A citizen who successfully sued the city of Chattanooga and Hamilton County could see the return of more than $75,000 in attorneys' fees after proving to Chancellor Frank Brown that a Chattanooga board secretly approved $9 million in taxpayer support for a residential-golf course development.
Attorneys argued on Wednesday before Chancellor Pam Fleenor, who replaced the recently retired Brown, whether the city should have known that its actions were in clear violation of the law, or whether Brown's ruling represented a novel new approach to the Open Meetings Act.
John Konvalinka, an attorney representing retired city planner Helen Burns Sharp, said Sharp should be reimbursed for expenses she incurred in challenging what Brown ruled was an improper action by the city Industrial Development Board.
"We submit that this taxpayer (Sharp), who has undertaken to do this on behalf of the taxpayers of Hamilton County, should be reimbursed at a minimum her discretionary costs," he said.
Konvalinka was sharply critical of the actions of former city attorney Mike McMahan, who has acted as both a witness and as an advocate for the city, and who also has been fingered as the one who approved the $9 million in taxpayer financing for Black Creek Mountain developers without a public meeting of the Industrial Development Board, as required by law.
McMahan's alleged violation of Sunshine Laws while city attorney isn't the only legal question about the Industrial Development Board that has drawn scrutiny. In another revelation by Sharp, it emerged this week that Chris Ramsey, an IDB member who has served since 2002, isn't a resident of Chattanooga as required by law. As attorney for the IDB until succeeded by Wade Hinton, it was McMahan's job to ensure that the volunteer board followed the law.
"We've had one common denominator with regards to most of this, and unfortunately, it is Mr. McMahan," Konvalinka said. "I am sometimes unable to ascertain when he is acting as an advocate and when he's acting as a witness."
McMahan, who on Wednesday acted as an advocate for the Industrial Development Board, argued against reimbursing Sharp's attorney fees for several reasons:
Since the case is on appeal, Fleenor's chancery courtroom is the improper venue to argue the matter in the first place, he said.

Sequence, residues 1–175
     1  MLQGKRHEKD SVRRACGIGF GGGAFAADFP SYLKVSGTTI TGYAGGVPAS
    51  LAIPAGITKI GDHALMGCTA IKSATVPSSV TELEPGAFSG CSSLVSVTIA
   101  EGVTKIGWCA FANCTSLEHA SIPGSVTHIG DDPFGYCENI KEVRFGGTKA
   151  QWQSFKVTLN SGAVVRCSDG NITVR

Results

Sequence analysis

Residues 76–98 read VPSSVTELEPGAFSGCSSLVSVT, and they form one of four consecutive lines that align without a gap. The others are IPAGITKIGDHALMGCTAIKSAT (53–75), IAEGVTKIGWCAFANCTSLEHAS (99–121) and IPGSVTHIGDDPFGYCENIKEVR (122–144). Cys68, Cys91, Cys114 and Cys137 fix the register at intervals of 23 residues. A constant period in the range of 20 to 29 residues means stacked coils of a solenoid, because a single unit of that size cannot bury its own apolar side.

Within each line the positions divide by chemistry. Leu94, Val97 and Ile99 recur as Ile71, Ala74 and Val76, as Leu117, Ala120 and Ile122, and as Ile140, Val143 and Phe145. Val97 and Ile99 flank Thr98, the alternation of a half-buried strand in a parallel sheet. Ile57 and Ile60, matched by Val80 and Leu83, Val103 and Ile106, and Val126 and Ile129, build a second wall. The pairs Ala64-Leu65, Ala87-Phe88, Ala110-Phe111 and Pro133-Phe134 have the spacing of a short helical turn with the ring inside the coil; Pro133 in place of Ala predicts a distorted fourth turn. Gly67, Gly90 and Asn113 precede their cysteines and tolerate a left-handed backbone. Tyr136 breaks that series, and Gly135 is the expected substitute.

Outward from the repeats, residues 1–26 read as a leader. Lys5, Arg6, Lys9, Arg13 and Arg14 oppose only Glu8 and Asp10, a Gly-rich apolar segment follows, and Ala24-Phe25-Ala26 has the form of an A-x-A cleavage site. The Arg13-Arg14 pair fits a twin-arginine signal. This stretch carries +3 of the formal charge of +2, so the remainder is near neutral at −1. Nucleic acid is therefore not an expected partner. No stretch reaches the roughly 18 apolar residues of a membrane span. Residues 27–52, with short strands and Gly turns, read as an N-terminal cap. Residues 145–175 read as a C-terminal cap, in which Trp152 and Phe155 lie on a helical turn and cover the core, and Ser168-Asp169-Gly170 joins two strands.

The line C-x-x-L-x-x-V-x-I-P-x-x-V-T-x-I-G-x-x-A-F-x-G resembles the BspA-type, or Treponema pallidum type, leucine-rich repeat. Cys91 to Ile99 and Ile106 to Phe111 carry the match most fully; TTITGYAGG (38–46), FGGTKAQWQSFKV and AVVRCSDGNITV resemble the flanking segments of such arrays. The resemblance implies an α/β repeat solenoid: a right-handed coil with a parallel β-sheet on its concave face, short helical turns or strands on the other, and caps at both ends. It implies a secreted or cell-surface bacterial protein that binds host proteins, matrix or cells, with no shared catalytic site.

Failing that, the admitted violation only ran afoul of the Open Meetings Act, which does not allow plaintiffs to recoup attorneys fees, not the Open Records Act, which allows plaintiffs to be reimbursed, he said.
And in any case, Brown's order was a unique interpretation of the Open Meetings Act, since at one point the former chancellor suggested that there should have been a meeting in order to approve the tax increment financing plan for Aetna Mountain. But one was never made public.
"There's no testimony that there was a quote secret meeting," said McMahan, who is now retired from practicing law. "Citing circumstantial evidence, [Brown] said there should have been a meeting."
But McMahan is splitting hairs, Konvalinka said.
In a recording obtained by Konvalinka, McMahan allegedly admitted that he "made a mistake" in consulting privately with members of the IDB before approving the $9 million tax increment financing plan, which Konvalinka said constitutes a de facto secret meeting.
And in a public meeting at which the IDB upheld their earlier decision that had been voided by Brown, Miller & Martin attorney Alfred Smith, an ally of McMahan's, revealed that McMahan had acted alone to approve the plan to use taxpayer funds to finance the new road to a private development.
"Mr. McMahan in private, in violation of the sunshine law, consulted with members of the IDB and he made a determination," Konvalinka said.
Fleenor said she was taking the arguments under advisement, and would render an opinion after further reading the case notes.
Brown's decision against the city IDB has already been elevated to an appeals court. Meanwhile, work continues by Black Creek Mountain's developers on the $9 million road, which will eventually scale Aetna Mountain if completed.
Contact staff writer Ellis Smith at 423-757-6315 or email@example.com.